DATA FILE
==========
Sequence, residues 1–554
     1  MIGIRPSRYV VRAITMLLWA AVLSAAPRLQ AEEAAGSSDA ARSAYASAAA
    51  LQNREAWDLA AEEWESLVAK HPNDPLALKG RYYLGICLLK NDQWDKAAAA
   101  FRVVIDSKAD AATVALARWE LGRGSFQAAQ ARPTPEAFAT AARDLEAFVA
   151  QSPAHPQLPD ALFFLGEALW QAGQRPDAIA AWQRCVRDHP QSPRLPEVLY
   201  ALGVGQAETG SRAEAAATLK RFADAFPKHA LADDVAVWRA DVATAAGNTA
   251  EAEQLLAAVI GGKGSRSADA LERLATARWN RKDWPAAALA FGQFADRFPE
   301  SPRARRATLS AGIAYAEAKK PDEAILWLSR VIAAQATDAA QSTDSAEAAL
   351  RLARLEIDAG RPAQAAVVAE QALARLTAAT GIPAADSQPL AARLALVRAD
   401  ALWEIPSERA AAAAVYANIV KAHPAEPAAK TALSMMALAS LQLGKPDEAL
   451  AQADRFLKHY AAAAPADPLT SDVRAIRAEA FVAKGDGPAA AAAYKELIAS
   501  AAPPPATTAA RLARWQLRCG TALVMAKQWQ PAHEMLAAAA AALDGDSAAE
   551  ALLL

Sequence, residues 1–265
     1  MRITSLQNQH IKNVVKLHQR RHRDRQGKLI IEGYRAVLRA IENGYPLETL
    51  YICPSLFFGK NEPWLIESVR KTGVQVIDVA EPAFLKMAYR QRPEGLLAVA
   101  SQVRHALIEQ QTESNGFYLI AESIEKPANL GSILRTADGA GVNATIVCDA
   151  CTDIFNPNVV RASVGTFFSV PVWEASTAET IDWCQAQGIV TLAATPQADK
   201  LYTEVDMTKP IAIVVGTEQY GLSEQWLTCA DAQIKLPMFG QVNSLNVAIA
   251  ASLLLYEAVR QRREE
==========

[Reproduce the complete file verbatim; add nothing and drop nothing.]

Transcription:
Sequence, residues 1–554
     1  MIGIRPSRYV VRAITMLLWA AVLSAAPRLQ AEEAAGSSDA ARSAYASAAA
    51  LQNREAWDLA AEEWESLVAK HPNDPLALKG RYYLGICLLK NDQWDKAAAA
   101  FRVVIDSKAD AATVALARWE LGRGSFQAAQ ARPTPEAFAT AARDLEAFVA
   151  QSPAHPQLPD ALFFLGEALW QAGQRPDAIA AWQRCVRDHP QSPRLPEVLY
   201  ALGVGQAETG SRAEAAATLK RFADAFPKHA LADDVAVWRA DVATAAGNTA
   251  EAEQLLAAVI GGKGSRSADA LERLATARWN RKDWPAAALA FGQFADRFPE
   301  SPRARRATLS AGIAYAEAKK PDEAILWLSR VIAAQATDAA QSTDSAEAAL
   351  RLARLEIDAG RPAQAAVVAE QALARLTAAT GIPAADSQPL AARLALVRAD
   401  ALWEIPSERA AAAAVYANIV KAHPAEPAAK TALSMMALAS LQLGKPDEAL
   451  AQADRFLKHY AAAAPADPLT SDVRAIRAEA FVAKGDGPAA AAAYKELIAS
   501  AAPPPATTAA RLARWQLRCG TALVMAKQWQ PAHEMLAAAA AALDGDSAAE
   551  ALLL

Sequence, residues 1–265
     1  MRITSLQNQH IKNVVKLHQR RHRDRQGKLI IEGYRAVLRA IENGYPLETL
    51  YICPSLFFGK NEPWLIESVR KTGVQVIDVA EPAFLKMAYR QRPEGLLAVA
   101  SQVRHALIEQ QTESNGFYLI AESIEKPANL GSILRTADGA GVNATIVCDA
   151  CTDIFNPNVV RASVGTFFSV PVWEASTAET IDWCQAQGIV TLAATPQADK
   201  LYTEVDMTKP IAIVVGTEQY GLSEQWLTCA DAQIKLPMFG QVNSLNVAIA
   251  ASLLLYEAVR QRREE